The search for the divine in India is like a tree with roots that go deep into the earth, and with branches going in different directions, pointing to different corners of the sky. Thus, an important part of the sacredness in India is about nature – about the rivers, ponds, trees, animals, birds and the earth.

My fourth image is from Bilaspur district in Chattisgarh in central part of India and has a simple Hindu temple in the middle of a pond. Through sacred ponds and rivers and through rituals like surya namaskar, Indic religions remind me all the time about sacredness of nature.

Diversity of religions in India - Images by Sunil Deepak
I feel that “religion” is an inadequate term to talk about Hinduism. It includes people who identify the God in the nature – in rocks, mountains, trees, rivers, ponds, animals and birds. It includes people who worship a wide variety of Gods – from human forms of Ram, Krishen, Shiv, Durga, Kali, and Brahma, to human-animal forms of Ganesh, Hanuman, Garud and Sheshnaag. It includes people who believe in a different sacred book, sometimes in many books and sometimes in none of them. It also includes people who believe in fire worship (yagna), as well as those who believe in nirankar (formless) all-pervading Paramatma. That is why I prefer to see Hinduism, not as a religion, but as a Sahasradhara, a river of thousand streams.

The next three pictures illustrate three streams of Hinduism. The first is from Karnataka, showing a procession when the deities are carried out of the temple to visit the village, accompanied by characters from the sacred epics of Ramayana, Mahabharata and Bhagwat Puran, which are widely known and even today continue to influence Indian society.

Diversity of religions in India - Images by Sunil Deepak
The second image about Hinduism is from the sun temple in Konark in Odisha on the eastern coast of India, where spirituality is explored through the sexual union on the temple walls. Hinduism recognises different approaches to the sacred including the path of worship, prayers and meditation but also the paths of work (Karmayoga), knowledge (Gyanyoga) and sex (Tantrism).

Diversity of religions in India - Images by Sunil Deepak
The third image is of Ghatotkach icons at Dushhera fair in Kullu in Himachal Pradesh, which represent mountain deities. There are thousands of such local deities in India, whose stories have been woven with the more prevalent figures of Ram, Krishan, Shiv, Durga, Lakshmi, Kali and Saraswati. Thus, the thousand streams of Hinduism keep on coming together and branching out in diverse directions through the inter-mixing of sacred stories and ancient myths in different parts of the country.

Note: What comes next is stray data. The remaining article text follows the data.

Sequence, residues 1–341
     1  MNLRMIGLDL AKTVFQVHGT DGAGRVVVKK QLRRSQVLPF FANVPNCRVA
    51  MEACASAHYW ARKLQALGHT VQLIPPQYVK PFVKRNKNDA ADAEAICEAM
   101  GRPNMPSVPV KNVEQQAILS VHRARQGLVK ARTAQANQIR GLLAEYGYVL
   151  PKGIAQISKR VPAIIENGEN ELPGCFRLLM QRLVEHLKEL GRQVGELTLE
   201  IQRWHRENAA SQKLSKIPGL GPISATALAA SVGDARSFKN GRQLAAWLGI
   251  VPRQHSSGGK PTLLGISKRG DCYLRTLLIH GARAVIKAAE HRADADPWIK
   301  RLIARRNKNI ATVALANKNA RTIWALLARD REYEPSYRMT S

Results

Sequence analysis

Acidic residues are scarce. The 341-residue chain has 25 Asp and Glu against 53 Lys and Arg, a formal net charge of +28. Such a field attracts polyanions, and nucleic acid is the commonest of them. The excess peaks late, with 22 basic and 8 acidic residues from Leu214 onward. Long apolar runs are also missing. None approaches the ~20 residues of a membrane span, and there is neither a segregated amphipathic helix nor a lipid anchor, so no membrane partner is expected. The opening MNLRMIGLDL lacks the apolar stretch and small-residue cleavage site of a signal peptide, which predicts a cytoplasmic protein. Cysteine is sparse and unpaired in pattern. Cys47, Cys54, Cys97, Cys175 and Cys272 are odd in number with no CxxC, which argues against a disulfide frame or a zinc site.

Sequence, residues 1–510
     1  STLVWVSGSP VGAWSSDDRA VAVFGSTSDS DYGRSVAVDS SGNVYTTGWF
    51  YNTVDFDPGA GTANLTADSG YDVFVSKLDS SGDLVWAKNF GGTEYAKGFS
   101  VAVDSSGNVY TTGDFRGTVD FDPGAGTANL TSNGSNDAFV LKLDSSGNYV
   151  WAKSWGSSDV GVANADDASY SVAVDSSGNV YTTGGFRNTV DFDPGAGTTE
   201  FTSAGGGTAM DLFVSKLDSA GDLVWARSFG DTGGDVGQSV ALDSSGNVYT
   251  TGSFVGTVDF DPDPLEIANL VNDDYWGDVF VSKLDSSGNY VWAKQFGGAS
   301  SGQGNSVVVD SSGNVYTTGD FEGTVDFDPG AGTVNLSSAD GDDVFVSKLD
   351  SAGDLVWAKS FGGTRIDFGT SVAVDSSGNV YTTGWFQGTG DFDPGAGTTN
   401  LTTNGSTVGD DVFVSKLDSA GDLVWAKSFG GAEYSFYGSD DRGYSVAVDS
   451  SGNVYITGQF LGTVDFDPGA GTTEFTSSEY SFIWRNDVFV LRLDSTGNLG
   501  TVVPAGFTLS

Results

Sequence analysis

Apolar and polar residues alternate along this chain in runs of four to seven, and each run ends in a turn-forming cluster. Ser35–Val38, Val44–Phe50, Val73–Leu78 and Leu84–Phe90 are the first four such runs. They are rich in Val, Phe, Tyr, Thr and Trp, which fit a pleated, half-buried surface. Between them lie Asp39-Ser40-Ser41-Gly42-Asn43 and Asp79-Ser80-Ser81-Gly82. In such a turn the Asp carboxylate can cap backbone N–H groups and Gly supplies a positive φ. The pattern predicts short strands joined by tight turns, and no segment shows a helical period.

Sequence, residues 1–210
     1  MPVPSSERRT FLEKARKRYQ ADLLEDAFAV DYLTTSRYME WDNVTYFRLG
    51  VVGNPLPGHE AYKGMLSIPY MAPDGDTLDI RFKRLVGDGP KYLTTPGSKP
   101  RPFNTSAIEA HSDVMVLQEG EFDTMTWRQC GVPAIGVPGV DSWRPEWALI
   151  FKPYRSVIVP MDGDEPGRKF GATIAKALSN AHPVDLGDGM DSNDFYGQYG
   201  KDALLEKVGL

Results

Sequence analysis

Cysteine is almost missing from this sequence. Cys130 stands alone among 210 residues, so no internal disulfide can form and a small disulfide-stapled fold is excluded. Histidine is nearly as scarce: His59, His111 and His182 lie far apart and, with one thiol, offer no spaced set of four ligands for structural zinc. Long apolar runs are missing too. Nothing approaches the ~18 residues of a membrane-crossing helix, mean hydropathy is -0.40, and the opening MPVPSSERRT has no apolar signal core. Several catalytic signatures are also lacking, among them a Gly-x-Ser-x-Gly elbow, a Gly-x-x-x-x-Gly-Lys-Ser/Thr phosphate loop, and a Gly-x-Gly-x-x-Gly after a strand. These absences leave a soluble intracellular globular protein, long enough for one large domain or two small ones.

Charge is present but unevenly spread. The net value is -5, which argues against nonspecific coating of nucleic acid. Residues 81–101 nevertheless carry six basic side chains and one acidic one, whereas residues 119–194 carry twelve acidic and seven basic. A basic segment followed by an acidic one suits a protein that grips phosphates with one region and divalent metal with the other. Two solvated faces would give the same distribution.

Diversity of religions in India - Images by Sunil Deepak
India is also home to hundreds of tribal communities. Nature worship is a central part of religious practices in the tribal communities. They also have many local deities, different from the more prevalent Hindu deities. Some of the tribal deities are part of the “enemies” in the Hindu mythological stories such as the figures of Ravan, Meghnath and Mahishasur. These stories point to a diversity in the way a wide variety of religious beliefs come under the different streams of Hinduism.

Often outsiders, when they read Indic epics and myths, think of these figures as “villains”, similar to the figures of devil or Satan. However, Indic way of thinking looks at them in more complex ways, recognising their positive attributes and often linking their stories to their different reincarnations. For example, during the enactments of Ramayan during the festival of Dusshera, people are sometimes surprised when they discover the Brahmins praying to the effigy of Ravan before it is burned.

Often while talking to friends from western countries, I feel that they look at Hinduism in a narrow way, focusing on a few figures such as those of the sacred Trimurti (Brahma, Vishnu and Shiva) and the sub-divisions of people into castes according to the Varna system. They ignore the thousand streams of Hinduism and their traditions of debate and arguments. They also tend to believe that the only social reforms and movements for greater social justice towards the marginalised Hindu caste groups in India came from the colonial powers and outsiders.

In a different way, some of the more shrill, conservative or radical Hindu groups echo similar kinds of thinking. They are afraid of the diversity of religious ideas of different streams of Hinduism. They ask repeatedly of following the examples of Abrahamic religions with one sacred book, one religious story and one religious leader.

Indic reformers and other Indic religions

Two millenniums ago, social and religious reformers like Gautam Buddha and Bhagwan Mahavir, infused new ideas in the Indic religions. Over the past centuries, other reformers like Basvanappa, Akka Mahadevi, Shrimanta Shankar Dev, Chetanya Mahaprabhu, Meerabai, Sant Gyaneshwar, Sant Ravidas, Baba Nanak and Sant Kabir, have promoted a diversity of religious ideas touching on social harmony and justice in the Indic religions. This movement of social reform continues through more recent spiritual gurus including Swami Vivekanand and Dayanand Saraswati.

Some of these Indic spiritual figures and social reformers are considered as prophets of specific religions including Buddhism, Jainism and Sikhism. Western way of thinking believes in categorising and emphasising the differences between religions and sects. Indic view of religions, because of the dynamic nature of inter-mixing between them, tends to look at them as different streams flowing in the same direction.

The next six images are about these Indic spiritual and social reformers. The first image is from a street in Gangtok in Sikkim in Himalaya mountains of a Sleeping Buddha and a Buddhist monk. Buddhism continues to be an important religious force in India, especially through its adoption by Dalit caste groups, who see in it as an escape from the caste-oppression.